Tetsuo: The Iron Man

18 05 2010

Some films are safely quirky, such as Little Miss Sunshine or Juno. Some films are odd or slightly disturbing, such as Brazil. Then there’s the nightmarish territory of Eraserhead, Videodrome and Tetsuo: the Iron Man, where plausibility gives way to perverse streams of consciousness.

So let’s get the David Lynch and David Cronenberg comparisons out of the way. Shinya Tsukamoto’s Tetsuo: the Iron Man shares a stark, black-and-white surrealist aesthetic with Lynch’s earlier work, as well as the body-horror theme that pervades every film of Cronenberg’s. But Tsukamoto’s approach is rooted more deeply in the cyberpunk genre, where technology consumes, devours and dehumanises, and his hyper-kinetic editing gives a whole different tone to this tale of man versus machine.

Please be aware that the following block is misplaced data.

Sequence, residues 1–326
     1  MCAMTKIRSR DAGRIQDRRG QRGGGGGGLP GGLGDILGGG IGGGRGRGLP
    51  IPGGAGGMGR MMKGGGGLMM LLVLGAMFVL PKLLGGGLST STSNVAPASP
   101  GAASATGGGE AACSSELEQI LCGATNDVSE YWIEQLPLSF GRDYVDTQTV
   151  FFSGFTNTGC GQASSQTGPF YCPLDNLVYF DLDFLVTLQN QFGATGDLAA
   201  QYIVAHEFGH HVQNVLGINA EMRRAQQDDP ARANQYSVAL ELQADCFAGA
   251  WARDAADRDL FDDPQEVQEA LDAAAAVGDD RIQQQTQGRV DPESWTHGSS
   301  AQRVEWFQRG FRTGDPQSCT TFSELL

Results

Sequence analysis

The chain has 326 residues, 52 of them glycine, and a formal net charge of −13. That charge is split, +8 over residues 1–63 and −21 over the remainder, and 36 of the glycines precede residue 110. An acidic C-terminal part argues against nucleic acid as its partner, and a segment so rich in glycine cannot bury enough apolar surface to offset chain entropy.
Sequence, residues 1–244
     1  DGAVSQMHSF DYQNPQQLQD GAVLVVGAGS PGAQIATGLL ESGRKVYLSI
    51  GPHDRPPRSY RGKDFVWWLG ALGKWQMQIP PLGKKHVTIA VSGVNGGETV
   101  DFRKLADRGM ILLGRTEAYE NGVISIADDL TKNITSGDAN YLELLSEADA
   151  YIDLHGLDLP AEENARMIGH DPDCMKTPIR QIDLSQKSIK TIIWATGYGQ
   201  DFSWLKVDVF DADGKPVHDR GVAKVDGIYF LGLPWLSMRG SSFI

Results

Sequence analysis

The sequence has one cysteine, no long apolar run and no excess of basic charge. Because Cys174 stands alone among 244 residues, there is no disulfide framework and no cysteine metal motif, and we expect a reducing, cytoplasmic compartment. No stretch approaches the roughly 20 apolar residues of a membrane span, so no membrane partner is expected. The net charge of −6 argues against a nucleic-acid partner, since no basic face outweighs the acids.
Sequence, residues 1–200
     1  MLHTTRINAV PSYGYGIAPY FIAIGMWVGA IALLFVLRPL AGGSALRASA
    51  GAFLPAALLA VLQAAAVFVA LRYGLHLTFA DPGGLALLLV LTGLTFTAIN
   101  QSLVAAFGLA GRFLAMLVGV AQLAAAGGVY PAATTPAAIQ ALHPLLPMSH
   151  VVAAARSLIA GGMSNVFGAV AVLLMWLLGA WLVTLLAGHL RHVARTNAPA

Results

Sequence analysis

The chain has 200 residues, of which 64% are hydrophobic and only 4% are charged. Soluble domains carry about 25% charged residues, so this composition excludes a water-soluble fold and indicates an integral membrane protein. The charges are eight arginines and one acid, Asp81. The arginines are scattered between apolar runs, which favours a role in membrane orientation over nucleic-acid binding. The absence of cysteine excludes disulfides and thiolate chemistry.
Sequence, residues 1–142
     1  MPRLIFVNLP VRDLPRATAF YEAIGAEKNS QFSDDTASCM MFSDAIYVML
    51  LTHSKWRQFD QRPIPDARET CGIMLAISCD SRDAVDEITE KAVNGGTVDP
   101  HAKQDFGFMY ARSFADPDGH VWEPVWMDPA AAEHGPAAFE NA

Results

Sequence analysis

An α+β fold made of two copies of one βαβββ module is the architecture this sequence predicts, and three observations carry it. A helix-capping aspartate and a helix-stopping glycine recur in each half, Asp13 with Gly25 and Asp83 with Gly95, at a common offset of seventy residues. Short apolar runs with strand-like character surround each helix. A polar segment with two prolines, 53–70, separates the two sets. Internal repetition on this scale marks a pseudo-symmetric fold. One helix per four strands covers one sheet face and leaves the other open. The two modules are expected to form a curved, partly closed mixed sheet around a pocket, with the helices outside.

The plot is hard to describe without sounding insane. In short, a man runs into a metal fetishist with his car, and soon he himself begins transforming into a man-machine hybrid. But that’s only the start…

Between the protagonist being anally raped by a crazed she-demon with a long, metallic hose attached to her crotch, the large drill-bit that is his own transformed penis, the prolonged sex scenes that merge eroticism and horror and the final images of humans melded together in agony and ecstasy, Tetsuo uses metal as a kind of sexual metaphor. Is this strange montage of grotesqueries a cinematic primal scream, where sexual repression in a technologically advanced society finally bursts forth? Is it a visual depiction of the loss of identity experienced in the face of an all-pervading audio-visual bombardment? Who’s to say?

In any case, Tetsuo is undeniably captivating, but the jittery, manic editing comes at a price: the use of accelerating film speeds and quick cuts is almost unbearable by the end, where the novelty has long since worn off and sensory overload is starting to kick-in.

This is the work of an artist with a clear vision and vivid imagination, and the result is powerful. One viewing, however, is more than enough.

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